sitting bear

May 4, 2019

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Sitting shiva. During a text correspondence this morning, my aunt and I agreed that this is the what the current season is for our family. In a very real and tangible way, in that we are sitting with my grandmother during her season of immediate grief over my grandfather’s death. But there is another level to this “sitting” that makes it feel somehow even more unfair (dare I use such a boldly self-centered declaration, considering that death is quite possibly the most universal of sufferings?). In this situation, my grandmother has come down with a miserable cough that has stolen her usual “busy Bea” tendency, confining her much of the day to a living room chair. It feels harsh, and wrong, for her to have both lost her partner of 70 years and to be feeling so miserable she complains frequently that she just doesn’t feel like living. There. I said it. Harsh. Wrong.
Father, forgive me.
This morning a situation occurred that made me feel as if someone was trying to take advantage of my hurting grandmother. I was alone at the time—the designated “shiva-sitter” for several days now—and so I called my husband to relay the events to him. My emotional response was to feel like a bit of an ass: at times I’m no good at being a good Southerner; and when it comes to putting on a smiling face of hospitality, I simply have no poker face. If I’m hurt, my face blanches visibly. If I’m angry, I glare. If I’m excited, my smile gets bigger than my face (at least that’s what my father-in-law has said, ever since we first “met” over Skype). And if, as happens today, I don’t trust someone, I show it. My mother bear came out in full force as I verbally rushed in to, as best I could in an immediate, reactive manner, protect my “cub,” in this scenario.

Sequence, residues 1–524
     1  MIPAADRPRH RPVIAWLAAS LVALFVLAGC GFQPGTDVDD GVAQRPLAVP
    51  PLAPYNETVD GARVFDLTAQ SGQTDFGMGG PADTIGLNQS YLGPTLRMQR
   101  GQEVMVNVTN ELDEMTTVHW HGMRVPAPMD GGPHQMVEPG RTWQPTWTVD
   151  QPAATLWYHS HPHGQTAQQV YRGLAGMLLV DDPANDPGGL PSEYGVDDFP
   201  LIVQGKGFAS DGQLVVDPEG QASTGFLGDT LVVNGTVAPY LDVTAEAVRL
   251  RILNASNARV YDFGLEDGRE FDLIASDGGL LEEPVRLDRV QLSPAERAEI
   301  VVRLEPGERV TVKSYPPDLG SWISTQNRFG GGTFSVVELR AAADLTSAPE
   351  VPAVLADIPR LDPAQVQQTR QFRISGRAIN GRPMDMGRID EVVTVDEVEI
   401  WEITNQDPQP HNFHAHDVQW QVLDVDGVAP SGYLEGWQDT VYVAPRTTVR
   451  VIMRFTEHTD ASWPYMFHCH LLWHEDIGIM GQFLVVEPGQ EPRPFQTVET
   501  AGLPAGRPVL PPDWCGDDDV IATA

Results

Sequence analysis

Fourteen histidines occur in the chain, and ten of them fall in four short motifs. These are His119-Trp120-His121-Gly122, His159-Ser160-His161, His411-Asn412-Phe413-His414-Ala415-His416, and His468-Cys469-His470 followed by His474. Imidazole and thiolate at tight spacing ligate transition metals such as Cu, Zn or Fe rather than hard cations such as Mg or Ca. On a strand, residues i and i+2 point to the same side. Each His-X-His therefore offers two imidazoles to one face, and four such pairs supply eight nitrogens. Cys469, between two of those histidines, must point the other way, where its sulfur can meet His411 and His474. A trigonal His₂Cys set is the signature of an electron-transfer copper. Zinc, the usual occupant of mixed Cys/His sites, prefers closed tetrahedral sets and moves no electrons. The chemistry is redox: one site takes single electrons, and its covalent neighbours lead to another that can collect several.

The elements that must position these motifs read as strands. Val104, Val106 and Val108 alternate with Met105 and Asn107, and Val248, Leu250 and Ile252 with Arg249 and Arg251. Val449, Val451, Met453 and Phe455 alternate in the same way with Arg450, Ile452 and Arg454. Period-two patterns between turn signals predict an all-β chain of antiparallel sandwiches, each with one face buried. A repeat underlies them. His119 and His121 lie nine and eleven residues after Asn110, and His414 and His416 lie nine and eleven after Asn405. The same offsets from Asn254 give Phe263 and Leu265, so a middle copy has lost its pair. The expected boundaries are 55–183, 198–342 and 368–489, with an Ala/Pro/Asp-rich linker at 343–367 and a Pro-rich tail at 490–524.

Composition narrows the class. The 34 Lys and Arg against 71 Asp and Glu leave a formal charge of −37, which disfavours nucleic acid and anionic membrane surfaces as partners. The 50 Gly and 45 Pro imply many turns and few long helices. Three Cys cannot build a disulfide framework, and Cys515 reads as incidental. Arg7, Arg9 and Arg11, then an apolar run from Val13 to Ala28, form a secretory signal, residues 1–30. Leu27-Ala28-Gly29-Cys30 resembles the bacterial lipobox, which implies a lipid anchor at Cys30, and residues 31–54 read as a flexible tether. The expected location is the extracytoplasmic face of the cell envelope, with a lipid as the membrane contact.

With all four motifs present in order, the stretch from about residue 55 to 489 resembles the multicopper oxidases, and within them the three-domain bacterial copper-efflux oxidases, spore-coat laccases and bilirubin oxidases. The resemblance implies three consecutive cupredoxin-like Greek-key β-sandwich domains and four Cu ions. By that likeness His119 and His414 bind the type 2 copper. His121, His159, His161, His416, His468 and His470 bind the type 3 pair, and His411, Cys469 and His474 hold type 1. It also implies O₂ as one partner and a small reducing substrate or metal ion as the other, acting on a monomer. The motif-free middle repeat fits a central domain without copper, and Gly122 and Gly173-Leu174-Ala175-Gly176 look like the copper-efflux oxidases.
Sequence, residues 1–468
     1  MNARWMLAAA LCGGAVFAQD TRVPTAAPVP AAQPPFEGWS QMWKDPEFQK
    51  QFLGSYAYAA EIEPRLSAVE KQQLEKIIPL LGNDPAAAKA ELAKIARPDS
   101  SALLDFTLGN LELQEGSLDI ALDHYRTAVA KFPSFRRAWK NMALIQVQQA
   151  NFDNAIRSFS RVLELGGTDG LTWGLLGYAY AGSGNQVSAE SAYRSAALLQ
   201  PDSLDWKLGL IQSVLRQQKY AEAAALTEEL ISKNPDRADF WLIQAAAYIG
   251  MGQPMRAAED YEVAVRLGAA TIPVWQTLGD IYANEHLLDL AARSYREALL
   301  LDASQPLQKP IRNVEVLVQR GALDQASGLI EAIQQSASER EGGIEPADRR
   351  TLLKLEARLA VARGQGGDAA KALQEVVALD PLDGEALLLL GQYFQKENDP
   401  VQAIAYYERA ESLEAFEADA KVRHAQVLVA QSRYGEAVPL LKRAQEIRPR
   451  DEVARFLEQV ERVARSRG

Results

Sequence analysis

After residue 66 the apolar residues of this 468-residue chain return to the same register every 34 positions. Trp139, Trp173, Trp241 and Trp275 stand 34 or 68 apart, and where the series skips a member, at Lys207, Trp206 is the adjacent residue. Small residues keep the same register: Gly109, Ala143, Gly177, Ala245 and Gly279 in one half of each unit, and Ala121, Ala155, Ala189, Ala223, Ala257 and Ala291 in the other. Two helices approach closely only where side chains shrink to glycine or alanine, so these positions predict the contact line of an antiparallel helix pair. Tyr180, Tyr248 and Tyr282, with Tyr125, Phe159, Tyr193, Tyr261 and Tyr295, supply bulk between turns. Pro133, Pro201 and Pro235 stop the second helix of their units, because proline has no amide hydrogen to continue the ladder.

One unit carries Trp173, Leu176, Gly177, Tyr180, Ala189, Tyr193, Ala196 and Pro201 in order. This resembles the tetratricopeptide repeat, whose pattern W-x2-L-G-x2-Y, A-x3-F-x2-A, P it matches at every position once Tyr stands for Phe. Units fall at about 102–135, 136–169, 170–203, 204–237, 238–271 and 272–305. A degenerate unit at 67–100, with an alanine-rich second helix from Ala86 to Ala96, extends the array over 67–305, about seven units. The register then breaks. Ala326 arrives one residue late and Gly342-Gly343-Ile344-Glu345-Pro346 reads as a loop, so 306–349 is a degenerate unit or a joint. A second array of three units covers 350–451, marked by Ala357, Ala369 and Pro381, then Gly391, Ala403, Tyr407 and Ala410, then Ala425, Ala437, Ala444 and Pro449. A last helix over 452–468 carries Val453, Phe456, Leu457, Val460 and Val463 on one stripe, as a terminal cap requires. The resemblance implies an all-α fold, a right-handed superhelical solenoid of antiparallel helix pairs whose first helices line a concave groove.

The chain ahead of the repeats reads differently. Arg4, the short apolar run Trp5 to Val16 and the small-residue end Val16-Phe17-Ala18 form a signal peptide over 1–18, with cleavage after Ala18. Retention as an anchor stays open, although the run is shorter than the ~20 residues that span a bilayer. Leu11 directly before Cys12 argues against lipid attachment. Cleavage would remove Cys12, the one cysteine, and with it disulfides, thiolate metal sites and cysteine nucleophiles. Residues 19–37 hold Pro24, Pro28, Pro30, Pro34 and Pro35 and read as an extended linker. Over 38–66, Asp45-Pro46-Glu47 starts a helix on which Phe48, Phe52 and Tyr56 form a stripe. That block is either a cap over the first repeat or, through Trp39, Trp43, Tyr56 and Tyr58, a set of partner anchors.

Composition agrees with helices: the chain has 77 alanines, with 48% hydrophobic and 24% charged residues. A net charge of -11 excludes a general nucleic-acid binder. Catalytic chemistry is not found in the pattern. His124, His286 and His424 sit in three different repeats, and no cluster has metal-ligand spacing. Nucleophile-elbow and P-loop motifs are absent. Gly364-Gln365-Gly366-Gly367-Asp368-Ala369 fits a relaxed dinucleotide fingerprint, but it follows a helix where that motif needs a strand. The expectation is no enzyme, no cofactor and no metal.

Sometimes I have an unhealthy response to trauma that basically entails shoving it deep within me and silently brooding. Of course, humanity being frail as it is, this leads to a very bad bubbling, troubling inner self. So today I was grateful for the impulse to call my calming Rock of a husband. Not only did he ease my anxiety by his virtual presence; he also affirmed my reaction to the situation, added his own take, and led me to realize that I was not overreacting; I had, in fact, “done well.”
Father, help us.
Let us survive this season, as a family that works together. The work is currently a great and overwhelming mountain of logistics and labor. And we are weary. But I believe that the same God who designed family as the greatest of human goods is with us here, and now, on the path winding upward to the peak. We will get there.
Ann Lamott writes that there are three essential human prayers: Help, Thanks, Wow.
Father, wow us.

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